Corporate tax in the US is imposed at the federal, state, and even some local levels. Like individuals, corporations must file tax returns every year. Preparation of US federal corporate tax returns are extremely complicated and time-consuming which require the computation of taxable income and reconciliation of taxable income to financial statement income on top of others.
A company tax resident in Ireland, like that in any other State, would be subject to Irish tax on dividend income from its participation in its foreign subsidiaries, other significant corporate investments, as well as all worldwide trading income including IPR interest and royalty. However, AOI is virtually exempt from all of the above responsibilities.
The Senate panel found that “AOI, one of ASI’s parent companies, hasn’t filed a corporate tax return in the past five years – anywhere. AOI which reports directly to California HQ, had took in $29.6 billion from smaller subsidiaries including ASI between 2009 and 2012” (Fortune).
(3) Apple Inc – Ireland Reduced Tax Agreement
Apple had negotiated a special corporate tax rate of 2% or less in recent years with the Irish government. Since the early 1990s, Irish Government has used ASI’s corporate tax returns regarding its operation presence in Ireland to calculate Apple’s taxable income in such a way to produce an effective low single digit rate. ASI is not a tax resident of Ireland, however, has provided its tax returns to the Irish Government willingly. Based on this data, Ireland is known to have calculated the infamously low tax rate just for Apple Inc. This is well below Ireland’s statutory corporate tax rate of 12% and 35% of US.
For example, let us assume that ASI signs a contract with an independent third-party manufacturer in India to assemble Apple Inc. products and sell it back to them. ASI then can re-sell the finished products from India to other Apple affiliates around the Globe at a higher price to generate revenue. ASI incorporated in Ireland will benefit from the above Tax Agreement and will only pay a minimal-bordering-on-none tax rate for its massive amount of profits.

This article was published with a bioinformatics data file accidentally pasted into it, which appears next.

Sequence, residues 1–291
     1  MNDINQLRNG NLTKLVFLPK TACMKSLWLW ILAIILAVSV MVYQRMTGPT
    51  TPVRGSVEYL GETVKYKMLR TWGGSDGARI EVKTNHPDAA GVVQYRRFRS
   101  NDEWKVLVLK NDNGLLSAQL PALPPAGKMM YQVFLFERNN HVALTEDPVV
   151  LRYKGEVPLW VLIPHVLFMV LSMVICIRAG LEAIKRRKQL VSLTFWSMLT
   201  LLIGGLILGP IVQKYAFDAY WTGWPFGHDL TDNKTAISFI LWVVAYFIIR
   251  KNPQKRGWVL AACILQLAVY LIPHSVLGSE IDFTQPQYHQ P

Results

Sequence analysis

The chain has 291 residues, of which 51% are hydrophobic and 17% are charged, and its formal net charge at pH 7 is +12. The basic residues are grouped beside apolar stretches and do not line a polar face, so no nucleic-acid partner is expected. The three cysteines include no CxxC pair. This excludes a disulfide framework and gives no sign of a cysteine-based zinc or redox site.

In 2011, ASI by selling iPhones, iPads, MacBooks and other Apple Inc. products to overseas distributors recorded $22 billion in pretax earnings, but paid $10 million in taxes (Fortune). This is approximately a 0.05% tax rate. In 2009, ASI paid 0.1% and in 2010, 0.06%.
(4) Tax Presence and Tax Residence
“AOI, ASI, AOE have no tax residency… that does not mean it does not pay taxes. ” –
– Phillip Bullock (Tax Chief, Apple Inc.)
There is no tax residence for any of the three above subsidiary companies in Ireland of Apple Inc. In the last five years, none of the subsidiaries have filed a Corporate Income Tax while Apple Inc. has received 30 billion dollars in dividend from these companies without paying a single dime.
Bullock here seems to emphasize the fact that the income earned by the subsidiaries of AOI (Holding Company) have already been taxed at the local rate in full. However this only means that it has paid for the 2% maximum rate negotiated between Apple Inc. and Ireland.
Bullock goes on to suggest that because there is no requirement in the Irish law that Apple Inc. should declare a tax residence should it not be in Ireland, Apple Inc.’s subsidiary companies having no tax residence or presence is perfectly legal. Tim Cook expressed his opinion that the US government is not being cheated of any tax by Apple Inc in that the dividend that is sent to Apple Inc by AOI is taxed at the full US corporate tax rate of 35%.
(5) Transfer of Balance
“Apple has roughly 60% of global sales outside of the U.S., but Apple only allocates 6% of profits to rest of the world. The way they accomplish this is by paying very small sales commissions in other countries to reduce their tax burden. It’s not illegal, but it’s a gimmick.”